Wednesday, November 17, 2010

The bold and the beautiful - Melbourne

The bold and the beautiful - Melbourne

Rapturous indulgence: Dolcetti's array of sweet treats.

The bold and the beautiful - Melbourne

The baklava at El Fayha Sweets.

The bold and the beautiful - Melbourne

Photography by Manuela Cifra

Sugardough's red velvet cake

When it comes to sugary treats, Melbourne's best chefs and bakers are sweet talkers, as Simon Plant discovers.

At St Kilda's Il Fornaio, Philippa Sibley has finished making yet another one of her famous Snickers bars... and as it sails into the dining room, Melbourne's queen of desserts loves to observe her diners' reactions.

"People do the funniest things," she says. "Some of them roll their eyes. Others stop talking and do the spoon point. Love that. Best of all is the air guitar face... that's the ultimate. Heaven."

Snickers - a shorthand descriptor for caramel parfait glace with salted peanut caramel and milk chocolate mousse - was a mouthwatering fave with viewers when Philippa made it on MasterChef Australia this year in a Celebrity Chef challenge. Its charms are obvious: dark cocoa, a velvety parfait and subtle hints of salt. But Snickers is not the only thing sweetening our lives.

Far from it. Melbourne has sugar hits aplenty - from gaudily coloured cakes and sticky baklava to magic mousses and light-as-air pastries. Philippa can resist them all ("Strangely, I don't have a sweet tooth") but this passionate pastry chef, whose skills have enriched restaurants such as Circa and Bistro Guillaume, is powerfully aware of her power.

"I can be Machiavellian making dessert," she says. "Even if I was horrid, I know I could make people like me with a great sweet."

What is it about desserts that send us into a spin?

Philippa thinks they satisfy our appetite for something deliciously shallow.

"They're like pop songs," the gifted chef says. "They're frivolous, they're fun."

They can also be impossibly pretty. Just look at Il Fornaio's Snow White and Rose Red. This fanciful finisher combines meringue "angel wings", "ball bearings" of strawberry and sugared rose petals. And Philippa, its gifted creator, reckons Snow White is so gorgeous, "you could wear it as a hat to the Spring Racing Carnival. On second thoughts, maybe not."

Comfort is another factor. Sugardough Panifico and Patisserie, in Brunswick, keeps customers satisfied with scrumptious goodies that remind them of home... or a fuzzyfelt image of it. Co-owner Orlando Artavilla explains: "A lot of our cakes are based on recipes we've collected and they're not over-elaborate."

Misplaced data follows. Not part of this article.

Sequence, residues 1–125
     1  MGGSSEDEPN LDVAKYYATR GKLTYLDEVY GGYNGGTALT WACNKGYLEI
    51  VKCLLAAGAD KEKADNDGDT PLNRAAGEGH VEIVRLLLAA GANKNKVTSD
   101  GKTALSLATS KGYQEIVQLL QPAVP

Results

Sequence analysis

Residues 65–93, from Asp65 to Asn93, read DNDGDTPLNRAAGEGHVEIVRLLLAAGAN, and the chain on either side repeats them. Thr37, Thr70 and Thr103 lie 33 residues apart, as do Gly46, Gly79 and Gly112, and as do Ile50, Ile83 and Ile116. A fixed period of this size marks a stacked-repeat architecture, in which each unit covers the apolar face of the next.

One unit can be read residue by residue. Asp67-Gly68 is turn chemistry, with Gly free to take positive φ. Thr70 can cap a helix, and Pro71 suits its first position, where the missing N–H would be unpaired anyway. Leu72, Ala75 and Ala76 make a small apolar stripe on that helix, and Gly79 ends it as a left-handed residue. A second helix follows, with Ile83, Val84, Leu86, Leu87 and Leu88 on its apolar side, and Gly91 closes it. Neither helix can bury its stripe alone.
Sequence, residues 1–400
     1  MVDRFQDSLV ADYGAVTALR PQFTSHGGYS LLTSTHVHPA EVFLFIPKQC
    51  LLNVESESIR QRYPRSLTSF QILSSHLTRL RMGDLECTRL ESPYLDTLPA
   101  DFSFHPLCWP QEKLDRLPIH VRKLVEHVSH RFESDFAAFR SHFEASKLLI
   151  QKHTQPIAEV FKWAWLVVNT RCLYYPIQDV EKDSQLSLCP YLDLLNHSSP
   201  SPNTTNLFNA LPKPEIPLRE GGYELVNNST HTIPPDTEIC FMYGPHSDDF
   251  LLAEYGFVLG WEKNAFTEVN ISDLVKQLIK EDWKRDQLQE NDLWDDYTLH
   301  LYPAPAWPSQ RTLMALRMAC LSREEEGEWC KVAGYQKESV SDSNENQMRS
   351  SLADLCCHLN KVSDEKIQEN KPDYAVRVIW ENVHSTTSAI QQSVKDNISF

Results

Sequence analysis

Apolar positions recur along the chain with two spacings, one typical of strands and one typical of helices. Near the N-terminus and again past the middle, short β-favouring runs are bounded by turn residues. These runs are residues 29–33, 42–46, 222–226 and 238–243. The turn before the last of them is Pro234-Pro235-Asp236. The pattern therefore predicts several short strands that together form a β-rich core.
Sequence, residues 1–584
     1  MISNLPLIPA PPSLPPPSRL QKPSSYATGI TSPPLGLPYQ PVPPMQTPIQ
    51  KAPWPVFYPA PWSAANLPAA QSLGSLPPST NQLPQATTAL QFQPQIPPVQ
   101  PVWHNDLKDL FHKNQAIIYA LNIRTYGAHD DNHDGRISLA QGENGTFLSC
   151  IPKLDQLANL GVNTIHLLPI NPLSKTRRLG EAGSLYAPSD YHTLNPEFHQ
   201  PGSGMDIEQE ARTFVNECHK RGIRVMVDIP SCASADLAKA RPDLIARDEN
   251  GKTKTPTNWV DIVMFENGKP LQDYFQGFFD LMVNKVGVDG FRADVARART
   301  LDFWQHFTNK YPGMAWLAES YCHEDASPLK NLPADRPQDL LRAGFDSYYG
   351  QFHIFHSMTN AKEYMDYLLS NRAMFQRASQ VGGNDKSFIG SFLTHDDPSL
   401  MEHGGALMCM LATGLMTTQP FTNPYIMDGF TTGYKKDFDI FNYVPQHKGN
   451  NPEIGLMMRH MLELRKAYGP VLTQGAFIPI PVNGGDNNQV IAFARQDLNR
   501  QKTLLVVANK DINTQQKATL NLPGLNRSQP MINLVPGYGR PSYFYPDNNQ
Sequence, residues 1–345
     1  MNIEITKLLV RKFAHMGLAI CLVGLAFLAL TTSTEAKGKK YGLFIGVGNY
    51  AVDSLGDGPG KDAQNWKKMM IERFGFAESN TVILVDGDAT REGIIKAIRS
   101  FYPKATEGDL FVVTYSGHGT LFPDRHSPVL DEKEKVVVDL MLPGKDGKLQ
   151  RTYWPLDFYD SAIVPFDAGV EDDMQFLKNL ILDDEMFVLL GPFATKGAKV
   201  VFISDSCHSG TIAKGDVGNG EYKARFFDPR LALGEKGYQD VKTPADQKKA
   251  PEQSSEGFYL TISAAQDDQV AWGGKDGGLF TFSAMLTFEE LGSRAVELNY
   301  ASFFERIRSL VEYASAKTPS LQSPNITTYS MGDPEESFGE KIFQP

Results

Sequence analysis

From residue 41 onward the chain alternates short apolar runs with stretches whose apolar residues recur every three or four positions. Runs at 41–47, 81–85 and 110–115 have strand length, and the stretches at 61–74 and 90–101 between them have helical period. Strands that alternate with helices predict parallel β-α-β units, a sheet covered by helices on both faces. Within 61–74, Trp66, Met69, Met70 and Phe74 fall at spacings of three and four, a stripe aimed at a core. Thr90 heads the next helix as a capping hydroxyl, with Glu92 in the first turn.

Sugardough's Red Velvet cake is simple enough to make (see recipe) but vibrating with Day-Glo colour and mortared with frosting, it makes quite a statement. One day, Melbourne is bound to get a fully-fledged dessert restaurant. In the meantime, you might want to map out a patisserie path of your own. As Philippa Sibley likes to say: "Life's too short... eat dessert first!" Sweet.


Where: Il Fornaio (2c Acland St, St Kilda; ph 9534 2922)

Philippa Sibley's Snickers bar had sold out by the time I arrived. No problem. The Million Dollar Bullet I sampled instead was a sweet sensation, combining chocolate ganache and licorice ice cream with grapefruit jelly and raspberry coulis. Seasonal fruit inspired it.


Where: Monsieur Truffe (90 Smith St, Collingwood; ph 9416 3101)

Chocaholics are in heaven here because proprietor Thibault Fregoni is a connoisseur of couverture and cocoa. He sources single-origin chocolate bars from exotic locations and his truffles are tremendous. But M. Truffe's dairy-free chocolate mousse - served cool in a glass with shards of chocolate - is the ultimate indulgence.

BAKLAVA (about $10 for 10 pieces)

Where: El Fahya Sweets (648 Sydney Rd, Brunswick; ph 9386 6974)

Still going strong after 40 years, Lebanese proprietor Fadi Wazze crafts miniature marvels from kaitaifi pastry, sugar syrup and chopped nuts. His flaky baklava is arranged with architectural precision and perfectly-balanced with crunch and stickyness.


Where: Dolcetti (223 Victoria St, West Melbourne; ph 9328 1688)

Marianna Di Bartolo runs this charming bakery just up from the Queen Victoria Market and regulars cannot get enough of her blissful teacake with "a touch of Strega". But for a true Sicilian sensation, nothing surpasses Dolcetti's cassateddi - a sugar-dusted pastry filled with lightly-sweetened ricotta.


Where: Sugardough Panifico and Patisserie (163 Lygon St, Brunswick East; ph 9380 4060)

TARTS, biscuits, slices and loaves... Sugardough's daily bake yields a host of delicious goodies. But regulars can't go past a slice of red velvet cake, which throbs with colour and carries enough frosting to make an igloo.


Orlando Artavilla recommends this eye-catching cake be served for afternoon tea: "It's very visual and the hint of cocoa sneaks up on you."

This recipe makes a cake big enough for 12 good serves

90g unsalted butter280g sugar2 x 50g eggs3 tbsp red food colouring1 1/2 tbsp cocoa1/2 tsp salt160g buttermilk405g plain flour1/2 tsp vinegar1/2 tsp baking soda


225g butter21/2 tbsp flour225g milk150g icing sugar


Beat butter and sugar until light and fluffy. Add eggs to the mixture, one at time and beat well after each addition. In a separate bowl, mix red food colouring with cocoa and add to batter. Beat well.Stir salt into buttermilk and add to batter, alternating with the flour, and beat well until ingredients are well incorporated. Do not overmix. Stir in vinegar and baking soda. Pour into a 20cm cake tin and bake at 180C for about 40 minutes. Check with a cake skewer. Leave cake in tin for 20 minutes to settle before applying the frosting.To make the frosting, melt butter gently in a saucepan and add flour to make a roux.In a bowl, add the mixture to milk and icing sugar and whip till smooth. - Herald Sun - October 2010, Page 6

Simon Plant

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